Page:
Two Female Writers Claim They Were Pushed Out of Idris Elba Play

@Marc Brenner

In a blog post, the writers say they were removed without credit from 'Tree,' a theater production billed as a collaboration between Idris Elba and director Kwame Kwei-Armah.

Two female writers claim they were removed, without credit, from a high-profile British theater production being put on by actor Idris Elba and British director and playwright Kwame Kwei-Armah. The play, Tree, will premiere at the Manchester International Festival on July 4 before moving to the Young Vic in London, where it is scheduled to run July 29-Aug. 29.

But in a blog post entitled "Tree. A story of gender and power in theatre," Sarah Henley and Tori Allen-Martin claim they conceived of the original idea for the show and worked for four years on the project, before being dropped shortly before it went into production. They further claim they felt "bullied and silenced" by the play's producers who they claim repeatedly made financial offers to "buy us off."

"For us it's been devastating proof of the way doors are shut on women, and on the underdogs," they wrote. "We became completely disposable because we’re not famous or important enough. We were expected to shut up, lie down, and take it."

Tree is billed as a fusion of music, drama and dance following "one man’s journey into the heart and soul of contemporary South Africa." Alfred Enoch (How to Get Away With Murder) stars as Kaelo, a London-born mixed-race man forced by a family tragedy to travel for the first time to his parents' homeland of South Africa. Sinéad Cusack co-stars alongside Christian Bradley and Lucy Briggs-Owen.

Henley and Allen-Martin claim Tree began as a project back in 2015 when Elba, who was friends with Allen-Martin and had collaborated with her on his music album mi Mandela, asked the pair to “come up with an idea for a musical” using the music from mi Mandela. The two women claim they worked with Elba developing and workshopping the project for the next three and a half years. But, they claim, when Kwame Kwei-Armah signed on to direct the play last summer, they were sidelined with Kwei-Armah showing a “clear intention to write the piece” as well as direct it.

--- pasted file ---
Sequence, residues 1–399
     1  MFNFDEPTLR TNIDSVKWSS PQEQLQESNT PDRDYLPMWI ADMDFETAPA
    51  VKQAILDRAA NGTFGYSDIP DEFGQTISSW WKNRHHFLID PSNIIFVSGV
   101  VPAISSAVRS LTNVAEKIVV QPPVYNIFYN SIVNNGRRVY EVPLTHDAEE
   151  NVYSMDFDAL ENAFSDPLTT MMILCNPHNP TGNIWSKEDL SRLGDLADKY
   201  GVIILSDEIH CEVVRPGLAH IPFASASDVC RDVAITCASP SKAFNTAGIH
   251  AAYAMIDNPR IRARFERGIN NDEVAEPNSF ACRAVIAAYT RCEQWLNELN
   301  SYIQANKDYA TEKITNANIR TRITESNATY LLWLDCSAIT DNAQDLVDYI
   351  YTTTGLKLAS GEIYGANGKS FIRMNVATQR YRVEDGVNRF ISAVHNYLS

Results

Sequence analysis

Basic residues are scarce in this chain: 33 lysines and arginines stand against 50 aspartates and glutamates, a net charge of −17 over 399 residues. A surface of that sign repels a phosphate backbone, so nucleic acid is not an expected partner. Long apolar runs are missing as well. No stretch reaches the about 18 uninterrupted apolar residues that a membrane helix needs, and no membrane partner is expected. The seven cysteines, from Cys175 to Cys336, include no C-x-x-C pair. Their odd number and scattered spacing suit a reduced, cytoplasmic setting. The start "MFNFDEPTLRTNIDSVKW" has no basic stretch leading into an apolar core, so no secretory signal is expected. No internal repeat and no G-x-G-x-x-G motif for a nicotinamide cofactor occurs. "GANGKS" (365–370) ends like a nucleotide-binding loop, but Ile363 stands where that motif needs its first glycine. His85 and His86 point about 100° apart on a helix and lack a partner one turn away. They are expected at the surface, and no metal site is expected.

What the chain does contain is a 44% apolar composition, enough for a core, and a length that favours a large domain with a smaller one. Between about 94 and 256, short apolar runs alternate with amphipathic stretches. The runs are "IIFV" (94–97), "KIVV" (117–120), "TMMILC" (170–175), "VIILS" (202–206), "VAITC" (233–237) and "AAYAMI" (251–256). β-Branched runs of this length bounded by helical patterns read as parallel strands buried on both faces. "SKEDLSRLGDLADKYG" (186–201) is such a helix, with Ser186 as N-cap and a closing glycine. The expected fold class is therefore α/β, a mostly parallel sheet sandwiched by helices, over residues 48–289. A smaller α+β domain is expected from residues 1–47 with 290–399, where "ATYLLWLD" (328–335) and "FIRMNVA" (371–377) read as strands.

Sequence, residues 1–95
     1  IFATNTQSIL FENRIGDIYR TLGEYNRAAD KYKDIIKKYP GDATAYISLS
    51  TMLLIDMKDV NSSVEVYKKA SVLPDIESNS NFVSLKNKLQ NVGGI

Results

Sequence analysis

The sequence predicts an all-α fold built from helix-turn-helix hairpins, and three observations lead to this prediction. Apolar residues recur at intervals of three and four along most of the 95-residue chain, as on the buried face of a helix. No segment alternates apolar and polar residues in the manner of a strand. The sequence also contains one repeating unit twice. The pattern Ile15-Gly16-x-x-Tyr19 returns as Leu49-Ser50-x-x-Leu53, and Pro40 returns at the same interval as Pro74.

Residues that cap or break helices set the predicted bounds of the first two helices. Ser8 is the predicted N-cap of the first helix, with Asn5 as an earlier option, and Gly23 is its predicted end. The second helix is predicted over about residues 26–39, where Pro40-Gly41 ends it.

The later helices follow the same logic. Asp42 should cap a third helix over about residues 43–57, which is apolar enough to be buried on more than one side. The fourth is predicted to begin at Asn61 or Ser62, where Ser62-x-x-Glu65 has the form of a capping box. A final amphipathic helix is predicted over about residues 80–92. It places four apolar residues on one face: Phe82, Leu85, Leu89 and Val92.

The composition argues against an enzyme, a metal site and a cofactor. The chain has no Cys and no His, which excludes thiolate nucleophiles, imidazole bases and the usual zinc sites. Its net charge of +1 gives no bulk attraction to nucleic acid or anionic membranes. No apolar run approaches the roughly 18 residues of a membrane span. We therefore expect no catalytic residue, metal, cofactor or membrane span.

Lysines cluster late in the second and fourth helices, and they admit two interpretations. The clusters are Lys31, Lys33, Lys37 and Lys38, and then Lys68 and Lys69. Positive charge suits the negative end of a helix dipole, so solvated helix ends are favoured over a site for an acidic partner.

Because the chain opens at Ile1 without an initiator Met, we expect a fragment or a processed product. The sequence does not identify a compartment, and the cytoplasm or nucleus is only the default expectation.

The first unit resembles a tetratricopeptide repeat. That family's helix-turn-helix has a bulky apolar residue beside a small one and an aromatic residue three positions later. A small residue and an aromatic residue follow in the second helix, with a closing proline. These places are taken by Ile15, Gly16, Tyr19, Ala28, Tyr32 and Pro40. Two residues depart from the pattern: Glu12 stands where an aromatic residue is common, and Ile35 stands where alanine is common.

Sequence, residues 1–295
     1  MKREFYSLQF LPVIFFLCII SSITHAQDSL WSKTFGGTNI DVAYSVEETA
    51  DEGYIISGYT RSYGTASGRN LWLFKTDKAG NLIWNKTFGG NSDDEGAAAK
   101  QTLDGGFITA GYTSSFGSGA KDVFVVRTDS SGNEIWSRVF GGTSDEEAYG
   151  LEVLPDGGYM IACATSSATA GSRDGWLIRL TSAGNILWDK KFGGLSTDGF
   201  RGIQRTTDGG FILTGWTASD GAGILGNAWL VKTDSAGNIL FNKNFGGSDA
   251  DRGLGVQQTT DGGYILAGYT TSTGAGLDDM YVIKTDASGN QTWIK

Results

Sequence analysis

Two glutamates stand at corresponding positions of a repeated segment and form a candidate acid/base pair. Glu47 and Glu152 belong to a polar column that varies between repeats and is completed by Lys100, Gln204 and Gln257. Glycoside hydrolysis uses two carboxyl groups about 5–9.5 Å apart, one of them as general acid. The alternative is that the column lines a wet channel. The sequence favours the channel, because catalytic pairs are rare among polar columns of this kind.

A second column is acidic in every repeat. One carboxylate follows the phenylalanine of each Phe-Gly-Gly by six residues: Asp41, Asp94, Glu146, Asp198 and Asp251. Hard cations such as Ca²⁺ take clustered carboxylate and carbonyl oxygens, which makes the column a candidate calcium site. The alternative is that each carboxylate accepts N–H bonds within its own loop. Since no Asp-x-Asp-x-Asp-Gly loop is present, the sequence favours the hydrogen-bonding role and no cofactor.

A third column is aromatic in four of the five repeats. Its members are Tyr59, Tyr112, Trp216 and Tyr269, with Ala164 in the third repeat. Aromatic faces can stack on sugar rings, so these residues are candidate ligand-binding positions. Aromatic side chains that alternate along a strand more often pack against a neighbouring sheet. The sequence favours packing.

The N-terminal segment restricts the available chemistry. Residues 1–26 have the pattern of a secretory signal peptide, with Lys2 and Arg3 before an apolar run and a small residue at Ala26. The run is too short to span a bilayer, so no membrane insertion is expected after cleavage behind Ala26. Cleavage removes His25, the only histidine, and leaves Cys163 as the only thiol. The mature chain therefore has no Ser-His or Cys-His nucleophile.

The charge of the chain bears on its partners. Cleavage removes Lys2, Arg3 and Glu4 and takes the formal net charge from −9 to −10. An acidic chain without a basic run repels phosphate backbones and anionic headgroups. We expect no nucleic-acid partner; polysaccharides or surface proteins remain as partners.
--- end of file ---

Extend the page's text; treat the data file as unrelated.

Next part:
The story of Henley and Allen-Martin's claims was first reported by The Stage magazine in London. 

Henley and Allen-Martin write that Kwame retained several of their original ideas, "including the premise, timelines and time zones, most of our characters and their relationships to each other and many of the plot points,” of the original project, but changed the story dramatically. "In our opinion, our story of hope and celebration had become more of a black trauma narrative and it had been politicized in a way we weren’t happy with, with certain race issues (including a character based on Tori’s mixed ethnicity) contorted in a way we felt was detrimental to the show and the way mixed ethnicity is viewed as a result."

In a joint statement, Elba's Green Door Pictures company, the Young Vic and the Manchester International Festival (MIF) said they were "deeply saddened" to read the online article. All three said they were "passionate about supporting and nurturing emerging talent within the creative industry from the widest variety of backgrounds" and were "committed to ensuring fair representation on stage and behind the scenes."

They acknowledged that Henley and Allen-Martin were involved in "exploring ideas for a project based on Idris’ original concept," but took issue with the writers' portrayal of events. "The fact of the matter is that MIF and Green Door did not feel their proposed direction was artistically viable," they wrote. "It was decided by these producers that the show needed to go in a very different direction with a new writer attached, using Idris Elba’s original concept as the starting point."

They also denied any legal obligations to Henley and Allen-Martin and said their offers of a “thanks to” credit and an additional payment were made "only in the spirit of reaching a compromise."

Henley and Allen-Martin have set up a donations page online to raise money to pay their legal fees — some $6,300 (£5,000) — incurred and to raise money for a new organization, called Burn Bright, to help female writers in the creative industries.

Kwei-Armah tweeted a personal response to the claim, expressing sympathy for the two writers, but rejecting their version of events. "I understand the pain of being ‘released’ from a project. It has happened to me, and it cuts deep," he wrote..

Kwei-Armah said he would welcome a public debate on the issue with Henley and Allen-Martin "at a venue of their choice."

An earlier version of this article incorrectly stated the premiere date of Tree at the Manchester Festival. It is July 4. The Stage, not The Guardian, first reported the story.